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While you watch the eclipse, you’ll also be able to feel it

<i>Alejandro Zepeda/EPA/Shutterstock via CNN Newsource</i><br/>An image of the sun during a solar eclipse is projected onto a hand in Ensenada
Alejandro Zepeda/EPA/Shutterstock via CNN Newsource
An image of the sun during a solar eclipse is projected onto a hand in Ensenada

By Mary Gilbert, CNN Meteorologist

(CNN) — On Monday, April 8, a total solar eclipse will alter weather conditions on the Earth’s surface while the astronomical marvel unfolds in the sky.

Changes to temperature, wind speed and humidity occur as the moon crosses in front of the sun and casts a shadow on Earth’s surface during a solar eclipse.

The more sunlight blocked, the more dramatic the weather changes. The effect is comparable to how shaded areas end up much cooler on a hot day than any place in direct sunlight.

April’s total solar eclipse will block the entire sun in a 115-mile wide path from Texas to Maine, known as the path of totality. Dallas, Indianapolis, Cleveland and Buffalo, New York, are just a few cities that will experience the phenomenon.

The moon will block a significant portion of the sun and create a partial solar eclipse outside of the path of totality. The closer an area is to the path of totality, the larger the portion of the sun and its solar radiation – sunlight and energy – will be obscured by the moon.

At least 50% of the sun will be blocked during the eclipse as far west as Anaheim, California, and as far east as Orlando, Florida. Only around 20% of the sun will be blocked in the Pacific Northwest.

But a reduction in solar radiation, no matter how brief, can affect temperatures and other weather.

Not all eclipse weather changes are created equal, though. The exact drop in temperature can vary widely based on other factors like cloud cover and the time of year.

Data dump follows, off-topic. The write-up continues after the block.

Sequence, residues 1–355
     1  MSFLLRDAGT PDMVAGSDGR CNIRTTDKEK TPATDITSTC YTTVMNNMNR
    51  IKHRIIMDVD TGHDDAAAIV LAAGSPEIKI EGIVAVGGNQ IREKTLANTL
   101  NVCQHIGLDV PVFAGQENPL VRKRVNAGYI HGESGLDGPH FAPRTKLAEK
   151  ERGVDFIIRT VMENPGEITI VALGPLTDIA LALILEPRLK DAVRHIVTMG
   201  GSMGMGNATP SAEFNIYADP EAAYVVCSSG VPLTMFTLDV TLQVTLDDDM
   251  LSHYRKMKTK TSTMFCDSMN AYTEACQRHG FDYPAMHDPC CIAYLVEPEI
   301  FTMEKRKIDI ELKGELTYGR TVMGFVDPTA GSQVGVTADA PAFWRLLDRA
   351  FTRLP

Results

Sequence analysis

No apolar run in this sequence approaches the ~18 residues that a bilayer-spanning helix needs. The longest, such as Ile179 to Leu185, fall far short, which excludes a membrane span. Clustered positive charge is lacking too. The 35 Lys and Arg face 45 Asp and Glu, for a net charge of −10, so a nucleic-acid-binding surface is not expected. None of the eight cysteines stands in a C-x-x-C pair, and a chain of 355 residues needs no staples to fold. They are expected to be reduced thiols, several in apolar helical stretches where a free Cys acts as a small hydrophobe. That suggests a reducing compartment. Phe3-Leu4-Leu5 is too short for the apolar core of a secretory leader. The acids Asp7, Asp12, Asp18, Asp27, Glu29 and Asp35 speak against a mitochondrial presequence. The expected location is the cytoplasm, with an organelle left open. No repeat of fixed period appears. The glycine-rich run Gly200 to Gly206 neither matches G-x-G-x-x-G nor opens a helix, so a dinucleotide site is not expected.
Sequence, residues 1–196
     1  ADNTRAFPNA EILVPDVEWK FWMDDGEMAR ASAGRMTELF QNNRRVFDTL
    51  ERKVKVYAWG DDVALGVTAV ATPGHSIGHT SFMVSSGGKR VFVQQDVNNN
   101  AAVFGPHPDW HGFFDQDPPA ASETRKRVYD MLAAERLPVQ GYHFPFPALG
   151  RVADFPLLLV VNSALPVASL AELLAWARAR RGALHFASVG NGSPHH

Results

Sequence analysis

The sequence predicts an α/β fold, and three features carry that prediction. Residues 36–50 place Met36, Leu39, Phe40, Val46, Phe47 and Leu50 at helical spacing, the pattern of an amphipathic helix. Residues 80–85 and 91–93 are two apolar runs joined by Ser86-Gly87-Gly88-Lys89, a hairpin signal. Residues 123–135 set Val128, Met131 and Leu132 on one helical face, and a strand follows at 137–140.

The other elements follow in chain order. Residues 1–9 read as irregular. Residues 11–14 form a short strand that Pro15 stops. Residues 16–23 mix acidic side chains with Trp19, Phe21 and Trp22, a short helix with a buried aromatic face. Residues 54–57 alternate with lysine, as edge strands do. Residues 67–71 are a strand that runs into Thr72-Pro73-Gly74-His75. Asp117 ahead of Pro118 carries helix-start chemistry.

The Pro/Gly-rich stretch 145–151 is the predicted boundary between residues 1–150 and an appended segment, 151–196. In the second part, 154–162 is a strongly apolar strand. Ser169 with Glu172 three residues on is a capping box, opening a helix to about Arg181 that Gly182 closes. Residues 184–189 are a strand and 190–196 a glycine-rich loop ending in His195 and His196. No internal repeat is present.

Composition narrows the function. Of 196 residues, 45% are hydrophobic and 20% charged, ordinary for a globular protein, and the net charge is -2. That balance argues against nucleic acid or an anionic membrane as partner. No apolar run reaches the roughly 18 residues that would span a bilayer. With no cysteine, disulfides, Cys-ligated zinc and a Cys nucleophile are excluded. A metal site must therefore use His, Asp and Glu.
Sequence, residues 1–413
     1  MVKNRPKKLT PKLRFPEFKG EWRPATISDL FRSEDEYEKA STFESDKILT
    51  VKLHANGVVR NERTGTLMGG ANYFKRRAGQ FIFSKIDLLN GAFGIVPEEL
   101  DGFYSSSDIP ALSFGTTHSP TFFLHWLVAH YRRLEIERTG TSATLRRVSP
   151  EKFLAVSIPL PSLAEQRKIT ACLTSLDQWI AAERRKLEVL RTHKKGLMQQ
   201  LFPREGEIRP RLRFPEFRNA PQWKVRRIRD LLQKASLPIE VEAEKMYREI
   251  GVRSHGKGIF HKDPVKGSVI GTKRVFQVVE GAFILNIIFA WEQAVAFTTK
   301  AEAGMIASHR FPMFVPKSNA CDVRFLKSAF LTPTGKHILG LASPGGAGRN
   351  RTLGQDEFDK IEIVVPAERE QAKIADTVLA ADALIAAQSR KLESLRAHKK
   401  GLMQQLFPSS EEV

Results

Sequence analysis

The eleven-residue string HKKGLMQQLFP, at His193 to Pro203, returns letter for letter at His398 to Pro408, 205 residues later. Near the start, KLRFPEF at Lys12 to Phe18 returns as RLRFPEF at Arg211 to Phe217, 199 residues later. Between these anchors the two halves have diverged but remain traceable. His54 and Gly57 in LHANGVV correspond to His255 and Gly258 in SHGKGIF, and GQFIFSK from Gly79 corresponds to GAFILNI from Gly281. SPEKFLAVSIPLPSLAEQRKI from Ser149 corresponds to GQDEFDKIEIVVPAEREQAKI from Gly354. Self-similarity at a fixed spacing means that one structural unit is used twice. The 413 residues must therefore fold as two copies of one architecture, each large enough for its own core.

Time of year matters because the angle at which sunlight strikes the Earth affects temperatures, with a higher angle producing more intense sunshine and heat. The sun angle rises throughout the spring, reaches its peak in summer and starts to drop in the fall.

The last total solar eclipse took place during a summer afternoon in late August, so temperatures were already high and more prone to crater in some locations along the path of totality.

Temperatures fell 11 degrees over just one hour in Douglas, Wyoming, and widespread temperature drops of 4 to 8 degrees happened across the South.

April’s eclipse will unfold with a lower sun angle than August, but as the warmest part of the afternoon approaches. So, the brief, eclipse-driven cooldown will be quite noticeable before temperatures rebound back to pre-eclipse levels.

Temperatures during April’s event could drop around 10 degrees for up to an hour in the path of totality, said Andrew White, a meteorologist with the National Weather Service in Indianapolis. Temperature drops will be less pronounced in partial eclipse areas.

The eclipse will also influence humidity levels, which limit how far temperatures can drop during totality.

How humid it feels is tied closely to temperature. Humidity rises when the air temperature and the dew point, which measures how much moisture is in the air, approach the same temperature. So when air temperatures briefly dip during an eclipse, they trend closer to the dew point and make the air feel a bit more humid.

But air temperatures cannot fall below the dew point, so if dew points start out high during the eclipse they’ll limit how low temperatures can go.

Less solar radiation and reduced temperatures during an eclipse can also affect wind and cloud cover.

The cooldown during an eclipse briefly reduces the amount of heat stored in the atmosphere. Heat forces air to rise and makes the atmosphere unstable. The atmosphere then creates clouds, storms and wind to let out heat energy in an attempt to bring itself back into balance.

So as the eclipse cools the air, the atmosphere calms down and wind speeds drop because the atmosphere isn’t working as hard to balance itself out. Scientists took a number of weather measurements in Wyoming and New York during 2017’s total solar eclipse and found wind speeds dropped by an average of 6 mph as a result of the eclipse.

A significant temperature drop can also alter cloud cover.

Clouds over parts of South Carolina disappeared during 2017’s total solar eclipse because they lost their fuel – heat that forces air to rise and form clouds. It’s possible something similar happens during Monday’s eclipse.

Monday’s eclipse is the only chance to see a total solar eclipse from the Lower 48 for the next two decades. The next total solar eclipse to cross the country won’t arrive until August 12, 2045, but one will briefly clip portions of Montana and the Dakotas on August 23, 2044.

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